FOR TOMMY - DAN JURGENS
By Richard Johnston
is an oddity. No, I mean it in a good way, stop looking at
me like that. Some see him as old fashioned, others as a damn
fine storyteller, others as both. Instrumental in a number
of the more memorable comics events of the last couple of
decades, including Zero Hour, which saw Jurgens on six of
the top ten books that month -- still an industry record.
Jurgens is, however, completely the type of comics creator
you'd expect New Marvel to have no time for. Except there
he is, month after month, writing Thor. And even those who
have been unkind about his previous works, have very good
things to say about it. The title has undergone changes that
put Amazing Spider-Man's totemic origin to shame, yet despite
critical acclaim (some grudgingly given), Thor has stayed
out of the comics media's eye. That should change.
In one of two
well-timed pre-San Diego ComiCon interviews, Dan talks about
his current work, the state of Marvel, his relationship to
his work as a creator, and teases about a new Top Cow series
and something for DC, for which he's pulling out the pencils
to draw again.
JOHNSTON: Dan, as writer on Thor, you're been defined
as one of the "flapping dinosaurs" left at Marvel. Basically,
fairly long-term creators on the title, who've survived the
coming of "New Marvel", prospered even, when almost all around
you, save Peter David and Tom DeFalco, have seen their books
taken away from them. And both have come close. How come you've
Flapping dinosaur? Thanks for the compliment!
As for why I've
survived...I dunno. Maybe because I duck when the bullets
It might be because
we're trying to do some new things with Thor. One of the things
Tom Brevoort and I talk about quite often is the desire to
do things with Thor that haven't been done before. It certainly
isn't the same old, "smash the troll with the hammer" type
approach that is more typical of the character. We're exploring
the notion of gods on earth and how people react to that.
I'd like to think the powers-that-be appreciate our efforts.
There's a feeling that New Marvel seeks the New as much as
it does the Marvel. Do you feel you've had to revamp yourself
as much as you have the title to stay on the book? if so how?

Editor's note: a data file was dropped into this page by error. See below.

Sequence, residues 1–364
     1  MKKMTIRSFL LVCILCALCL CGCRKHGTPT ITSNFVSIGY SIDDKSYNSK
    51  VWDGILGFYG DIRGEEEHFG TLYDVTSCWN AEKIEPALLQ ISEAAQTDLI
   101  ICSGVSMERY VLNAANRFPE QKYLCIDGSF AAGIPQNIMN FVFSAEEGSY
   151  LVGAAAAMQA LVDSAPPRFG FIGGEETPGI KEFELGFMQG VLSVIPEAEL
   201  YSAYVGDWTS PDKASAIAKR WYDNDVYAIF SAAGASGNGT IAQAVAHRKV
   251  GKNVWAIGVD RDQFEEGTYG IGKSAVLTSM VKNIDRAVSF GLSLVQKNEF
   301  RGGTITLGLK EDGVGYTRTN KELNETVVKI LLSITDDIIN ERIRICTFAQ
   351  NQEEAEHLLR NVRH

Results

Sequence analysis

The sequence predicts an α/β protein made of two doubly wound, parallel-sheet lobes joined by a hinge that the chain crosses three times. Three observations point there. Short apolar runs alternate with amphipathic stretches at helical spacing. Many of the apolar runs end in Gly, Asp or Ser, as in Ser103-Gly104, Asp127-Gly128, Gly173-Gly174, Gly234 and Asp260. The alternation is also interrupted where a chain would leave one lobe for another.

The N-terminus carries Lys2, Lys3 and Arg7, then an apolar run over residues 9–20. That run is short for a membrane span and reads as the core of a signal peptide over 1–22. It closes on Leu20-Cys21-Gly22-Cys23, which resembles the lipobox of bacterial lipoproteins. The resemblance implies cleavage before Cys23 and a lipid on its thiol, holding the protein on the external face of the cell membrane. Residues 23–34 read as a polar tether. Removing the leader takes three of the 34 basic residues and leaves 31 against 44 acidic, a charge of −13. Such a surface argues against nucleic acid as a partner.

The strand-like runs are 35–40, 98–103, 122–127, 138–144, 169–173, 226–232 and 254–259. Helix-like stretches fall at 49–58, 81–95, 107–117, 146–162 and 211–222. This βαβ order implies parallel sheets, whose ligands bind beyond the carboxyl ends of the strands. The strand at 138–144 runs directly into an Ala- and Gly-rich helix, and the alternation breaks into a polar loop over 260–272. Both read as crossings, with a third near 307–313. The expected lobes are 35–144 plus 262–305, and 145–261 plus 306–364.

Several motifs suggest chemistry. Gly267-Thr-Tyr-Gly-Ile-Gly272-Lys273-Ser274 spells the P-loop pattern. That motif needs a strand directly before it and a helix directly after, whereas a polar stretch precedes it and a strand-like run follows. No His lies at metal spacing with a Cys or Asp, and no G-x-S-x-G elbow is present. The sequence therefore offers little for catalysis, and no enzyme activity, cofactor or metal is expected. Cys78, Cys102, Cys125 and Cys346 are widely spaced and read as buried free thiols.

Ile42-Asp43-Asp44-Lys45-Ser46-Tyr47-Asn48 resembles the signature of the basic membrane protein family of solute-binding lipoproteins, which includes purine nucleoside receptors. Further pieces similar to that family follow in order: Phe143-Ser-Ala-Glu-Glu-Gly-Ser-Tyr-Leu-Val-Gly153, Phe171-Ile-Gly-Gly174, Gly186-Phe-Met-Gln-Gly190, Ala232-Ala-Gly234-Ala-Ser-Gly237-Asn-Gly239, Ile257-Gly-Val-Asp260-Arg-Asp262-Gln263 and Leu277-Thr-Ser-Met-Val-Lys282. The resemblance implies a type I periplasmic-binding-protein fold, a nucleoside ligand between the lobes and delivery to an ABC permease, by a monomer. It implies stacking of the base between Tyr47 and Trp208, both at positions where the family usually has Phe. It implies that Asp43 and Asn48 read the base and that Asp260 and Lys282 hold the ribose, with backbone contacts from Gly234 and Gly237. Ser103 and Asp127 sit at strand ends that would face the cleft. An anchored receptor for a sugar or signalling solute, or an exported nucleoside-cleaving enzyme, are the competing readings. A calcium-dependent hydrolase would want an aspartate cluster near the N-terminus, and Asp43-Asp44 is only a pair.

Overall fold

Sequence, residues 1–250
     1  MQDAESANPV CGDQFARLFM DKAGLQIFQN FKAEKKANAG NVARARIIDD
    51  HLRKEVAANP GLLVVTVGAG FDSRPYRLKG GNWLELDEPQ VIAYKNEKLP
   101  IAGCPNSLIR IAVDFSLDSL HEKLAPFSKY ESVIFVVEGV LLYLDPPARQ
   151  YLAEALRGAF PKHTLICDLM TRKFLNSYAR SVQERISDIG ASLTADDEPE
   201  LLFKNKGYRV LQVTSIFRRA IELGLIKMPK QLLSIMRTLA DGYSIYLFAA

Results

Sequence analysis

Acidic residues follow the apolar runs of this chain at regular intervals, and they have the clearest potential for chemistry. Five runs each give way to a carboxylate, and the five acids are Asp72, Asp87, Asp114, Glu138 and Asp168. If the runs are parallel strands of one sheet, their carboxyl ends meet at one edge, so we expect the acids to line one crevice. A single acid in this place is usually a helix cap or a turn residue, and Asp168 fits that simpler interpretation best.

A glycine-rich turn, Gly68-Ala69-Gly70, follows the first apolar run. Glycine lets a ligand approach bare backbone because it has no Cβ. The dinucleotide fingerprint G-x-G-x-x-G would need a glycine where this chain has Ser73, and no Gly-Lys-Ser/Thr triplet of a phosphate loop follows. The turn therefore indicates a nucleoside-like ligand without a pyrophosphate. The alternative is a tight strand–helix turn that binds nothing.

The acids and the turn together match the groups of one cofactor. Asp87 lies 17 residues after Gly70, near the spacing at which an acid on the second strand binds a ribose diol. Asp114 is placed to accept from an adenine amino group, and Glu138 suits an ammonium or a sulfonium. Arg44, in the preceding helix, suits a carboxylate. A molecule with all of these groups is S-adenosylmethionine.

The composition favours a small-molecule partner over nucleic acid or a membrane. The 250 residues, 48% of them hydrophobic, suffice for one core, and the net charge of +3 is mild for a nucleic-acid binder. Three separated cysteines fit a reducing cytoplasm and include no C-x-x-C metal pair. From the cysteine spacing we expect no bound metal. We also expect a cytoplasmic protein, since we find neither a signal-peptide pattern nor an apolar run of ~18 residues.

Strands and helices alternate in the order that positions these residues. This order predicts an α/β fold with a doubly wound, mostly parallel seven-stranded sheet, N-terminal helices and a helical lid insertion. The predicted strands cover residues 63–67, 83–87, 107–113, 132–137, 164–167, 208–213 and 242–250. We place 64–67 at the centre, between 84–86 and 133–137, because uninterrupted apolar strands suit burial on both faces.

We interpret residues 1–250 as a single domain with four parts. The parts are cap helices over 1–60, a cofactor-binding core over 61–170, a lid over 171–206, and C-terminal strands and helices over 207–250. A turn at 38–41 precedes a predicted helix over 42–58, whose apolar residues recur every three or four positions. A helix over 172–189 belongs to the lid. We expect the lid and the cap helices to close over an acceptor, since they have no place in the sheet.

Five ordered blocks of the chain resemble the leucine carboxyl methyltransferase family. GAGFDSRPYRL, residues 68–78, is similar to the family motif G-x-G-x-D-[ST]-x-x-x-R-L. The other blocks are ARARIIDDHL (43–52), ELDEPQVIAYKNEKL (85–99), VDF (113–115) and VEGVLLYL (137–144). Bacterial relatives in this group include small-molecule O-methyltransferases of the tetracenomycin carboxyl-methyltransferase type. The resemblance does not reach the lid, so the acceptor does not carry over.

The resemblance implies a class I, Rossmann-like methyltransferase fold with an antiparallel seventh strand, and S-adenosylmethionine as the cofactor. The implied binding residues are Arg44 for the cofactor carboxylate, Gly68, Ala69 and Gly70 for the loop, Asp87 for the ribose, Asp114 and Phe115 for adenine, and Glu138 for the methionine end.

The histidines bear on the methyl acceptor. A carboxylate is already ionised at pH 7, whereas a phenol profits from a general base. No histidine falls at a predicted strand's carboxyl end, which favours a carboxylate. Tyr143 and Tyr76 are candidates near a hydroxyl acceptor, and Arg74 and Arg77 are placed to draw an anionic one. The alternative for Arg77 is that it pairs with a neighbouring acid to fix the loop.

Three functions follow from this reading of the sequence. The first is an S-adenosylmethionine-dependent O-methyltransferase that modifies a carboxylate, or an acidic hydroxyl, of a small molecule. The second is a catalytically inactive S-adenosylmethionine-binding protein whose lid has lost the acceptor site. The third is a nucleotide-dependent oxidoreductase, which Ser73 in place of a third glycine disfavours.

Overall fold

Or is it very much a case of "always doing what I've always
done - told stories"?
myself? Damn...that's a hard question to answer. I'm one of
those people who's terrible at self analysis.
I think creators
always undergo a somewhat natural transition as they move
through their careers, be it in comics or anything else. I've
rarely sat down to force a change in my pencilling style,
though I don't draw like I did five or even ten years ago.
There's a natural evolution there that can take place a variety
example, suppose I'm drawing a guy in a suit walking into
an office. Let's say I've drawn that same type of scene ten
times before. Eventually, you get bored enough with that same
scene that you force yourself to draw it a different way.
Maybe a change of angles or bathing the scene in shadow...anything
different. All of a sudden, that opens up a new avenue so
you push it a bit and pretty soon something new emerges.
And to be honest,
sometimes it works. Sometimes it doesn't. Every single pro
has an example (or more!) of a thought or idea that made it
onto the page that causes you to curdle like moldy cheese
when you see it in print.
As for a change
in writing styles, I think I try to avoid being repetitive.
Within the context of style, every writer has tendencies and
habits, but the goal is not to make it repetitive in terms
of ideas and plots. If I wrote Thor like Superman, I'd be
doing every single Thor reader a disservice.
I revamped myself to stay on the book? Somewhat, I suppose,
though it's less a conscious act than it might appear. I'm
trying to keep the book fresh, and have hopefully done the
same to me in the process.
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